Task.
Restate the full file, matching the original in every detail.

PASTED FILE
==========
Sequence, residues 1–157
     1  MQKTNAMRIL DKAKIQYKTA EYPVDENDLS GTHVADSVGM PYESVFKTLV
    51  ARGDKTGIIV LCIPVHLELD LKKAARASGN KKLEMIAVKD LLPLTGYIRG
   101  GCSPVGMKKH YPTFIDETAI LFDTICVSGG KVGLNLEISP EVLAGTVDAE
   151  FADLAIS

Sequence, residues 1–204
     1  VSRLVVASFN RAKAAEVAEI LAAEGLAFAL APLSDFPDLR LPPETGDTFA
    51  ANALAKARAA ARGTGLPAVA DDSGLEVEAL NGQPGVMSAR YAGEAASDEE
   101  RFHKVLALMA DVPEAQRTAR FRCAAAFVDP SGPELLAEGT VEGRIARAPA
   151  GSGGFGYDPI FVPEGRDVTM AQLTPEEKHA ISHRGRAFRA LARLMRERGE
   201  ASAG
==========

Sequence, residues 1–157
     1  MQKTNAMRIL DKAKIQYKTA EYPVDENDLS GTHVADSVGM PYESVFKTLV
    51  ARGDKTGIIV LCIPVHLELD LKKAARASGN KKLEMIAVKD LLPLTGYIRG
   101  GCSPVGMKKH YPTFIDETAI LFDTICVSGG KVGLNLEISP EVLAGTVDAE
   151  FADLAIS

Sequence, residues 1–204
     1  VSRLVVASFN RAKAAEVAEI LAAEGLAFAL APLSDFPDLR LPPETGDTFA
    51  ANALAKARAA ARGTGLPAVA DDSGLEVEAL NGQPGVMSAR YAGEAASDEE
   101  RFHKVLALMA DVPEAQRTAR FRCAAAFVDP SGPELLAEGT VEGRIARAPA
   151  GSGGFGYDPI FVPEGRDVTM AQLTPEEKHA ISHRGRAFRA LARLMRERGE
   201  ASAG